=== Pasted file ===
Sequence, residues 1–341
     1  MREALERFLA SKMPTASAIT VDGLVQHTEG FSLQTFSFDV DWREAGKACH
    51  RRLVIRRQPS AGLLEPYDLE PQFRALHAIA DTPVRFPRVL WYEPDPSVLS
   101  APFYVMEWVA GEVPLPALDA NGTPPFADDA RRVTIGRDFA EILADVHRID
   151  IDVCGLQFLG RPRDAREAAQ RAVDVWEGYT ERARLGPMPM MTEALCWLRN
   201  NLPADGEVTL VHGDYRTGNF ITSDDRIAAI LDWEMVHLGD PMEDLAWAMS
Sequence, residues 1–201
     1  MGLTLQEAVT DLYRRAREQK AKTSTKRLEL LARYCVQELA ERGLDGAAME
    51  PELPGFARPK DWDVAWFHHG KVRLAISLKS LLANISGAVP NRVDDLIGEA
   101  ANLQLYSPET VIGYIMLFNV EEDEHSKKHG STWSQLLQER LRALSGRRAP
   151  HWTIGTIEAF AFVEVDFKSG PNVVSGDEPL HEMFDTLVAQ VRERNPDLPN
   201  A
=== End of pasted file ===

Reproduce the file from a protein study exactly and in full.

Sequence, residues 1–341
     1  MREALERFLA SKMPTASAIT VDGLVQHTEG FSLQTFSFDV DWREAGKACH
    51  RRLVIRRQPS AGLLEPYDLE PQFRALHAIA DTPVRFPRVL WYEPDPSVLS
   101  APFYVMEWVA GEVPLPALDA NGTPPFADDA RRVTIGRDFA EILADVHRID
   151  IDVCGLQFLG RPRDAREAAQ RAVDVWEGYT ERARLGPMPM MTEALCWLRN
   201  NLPADGEVTL VHGDYRTGNF ITSDDRIAAI LDWEMVHLGD PMEDLAWAMS
Sequence, residues 1–201
     1  MGLTLQEAVT DLYRRAREQK AKTSTKRLEL LARYCVQELA ERGLDGAAME
    51  PELPGFARPK DWDVAWFHHG KVRLAISLKS LLANISGAVP NRVDDLIGEA
   101  ANLQLYSPET VIGYIMLFNV EEDEHSKKHG STWSQLLQER LRALSGRRAP
   151  HWTIGTIEAF AFVEVDFKSG PNVVSGDEPL HEMFDTLVAQ VRERNPDLPN
   201  A